verbs and definite objects

Martin Haspelmath haspelmath at EVA.MPG.DE
Wed Nov 3 09:04:06 UTC 1999

 Edith Moravcsik analyzes the Hungarian situation as follows:

     I hit-S1SUBJ.DEFOBJ the girl.
     I hit-S1SUBJ        a girl.
     I hit-S1SUBJ.DEFOBJ the boy.
     I hit-S1SUBJ        a boy.

But given that the actual exponents are cumulative, an equally plausible
analysis would be the following, where the relevant difference is
between object agreement and no object agreement:

    I hit-S1SUBJ.S3OBJ the girl.
     I hit-S1SUBJ        a girl.
     I hit-S1SUBJ.S3OBJ the boy.
     I hit-S1SUBJ        a boy.

Why do I prefer this analysis to Edith's?

(1) One doesn't have to assume a semantically arbitrary category of
definiteness. Note that if definiteness agreement can have arbitrary
exceptions in the way Edith suggests, it is doubtful that one can
compare "definiteness agreement" in one language with "definiteness
agreement" in another one. (Probably nobody would say that the Masculine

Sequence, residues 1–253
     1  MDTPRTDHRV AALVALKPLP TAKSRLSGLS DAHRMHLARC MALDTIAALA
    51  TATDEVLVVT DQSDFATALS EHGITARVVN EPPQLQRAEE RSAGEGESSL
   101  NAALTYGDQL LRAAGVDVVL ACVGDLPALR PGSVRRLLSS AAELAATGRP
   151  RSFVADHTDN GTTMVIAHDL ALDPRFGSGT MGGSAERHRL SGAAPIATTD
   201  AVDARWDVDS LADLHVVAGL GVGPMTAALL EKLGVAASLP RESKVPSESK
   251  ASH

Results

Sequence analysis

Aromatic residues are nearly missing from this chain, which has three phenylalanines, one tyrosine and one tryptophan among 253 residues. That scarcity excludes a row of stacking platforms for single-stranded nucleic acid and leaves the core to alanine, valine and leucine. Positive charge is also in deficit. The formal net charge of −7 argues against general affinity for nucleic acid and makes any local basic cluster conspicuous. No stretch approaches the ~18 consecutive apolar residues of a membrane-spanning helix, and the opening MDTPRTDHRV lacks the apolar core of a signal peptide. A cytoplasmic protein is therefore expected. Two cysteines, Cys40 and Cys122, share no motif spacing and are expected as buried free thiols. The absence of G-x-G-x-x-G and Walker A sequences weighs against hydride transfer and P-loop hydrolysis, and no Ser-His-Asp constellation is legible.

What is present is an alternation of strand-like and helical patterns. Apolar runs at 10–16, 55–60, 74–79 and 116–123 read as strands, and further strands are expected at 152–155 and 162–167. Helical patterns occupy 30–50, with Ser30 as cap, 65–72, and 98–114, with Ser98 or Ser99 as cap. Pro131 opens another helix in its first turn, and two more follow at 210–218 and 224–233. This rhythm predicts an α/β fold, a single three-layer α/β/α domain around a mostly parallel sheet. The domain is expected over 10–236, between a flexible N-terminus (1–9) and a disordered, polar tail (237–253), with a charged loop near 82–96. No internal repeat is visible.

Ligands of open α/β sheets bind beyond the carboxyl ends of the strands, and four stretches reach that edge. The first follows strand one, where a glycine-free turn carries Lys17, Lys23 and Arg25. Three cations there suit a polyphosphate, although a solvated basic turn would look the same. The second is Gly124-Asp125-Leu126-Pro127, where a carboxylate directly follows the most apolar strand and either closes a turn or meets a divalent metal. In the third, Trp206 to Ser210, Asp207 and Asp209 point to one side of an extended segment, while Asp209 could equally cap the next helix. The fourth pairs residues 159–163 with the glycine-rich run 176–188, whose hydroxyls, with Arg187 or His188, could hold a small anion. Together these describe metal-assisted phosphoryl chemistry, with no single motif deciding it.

in German is in some sense the same category as the Masculine in

(2) Cumulative markers combining subject and object agreement are well
attested elsewhere, as are separate markers of subject and object
agreement. However, I know of no language with a separate marker of
definiteness agreement that is not cumulated with something else, and I
feel that this is not an accident.

(3) Hungarian actually does have one form which undoubtedly shows
combined subject/object agreement:

kér-lek (ask-S1SUBJ.S2OBJ) 'I ask you'

This form would be isolated on the definiteness-agreement view, but it
is not on the view that the "definiteness agreement" forms are actually
3rd-person agreement forms.

It is true that there are still lots of gaps in the paradigm (e.g. there
is no single-word form for 'you ask me'), but some related Finno-Ugrian
languages have a more complete subject-object paradigm.

I guess the general point is that I prefer the object-agreement analysis
because it makes Hungarian look less unusual, more like other languages
I know. I must confess that this is a general attitude that I cannot
justify further. I can see very well why one would like to see Hungarian
as a very special language. Quite generally, our differences in analyses
seem to be based such ill-understood gut feelings...


Martin Haspelmath (haspelmath at
Max-Planck-Institut fuer evolutionaere Anthropologie, Inselstr. 22
D-04103 Leipzig (Tel. (MPI) +49-341-9952 307, (priv.) +49-341-980 1616)

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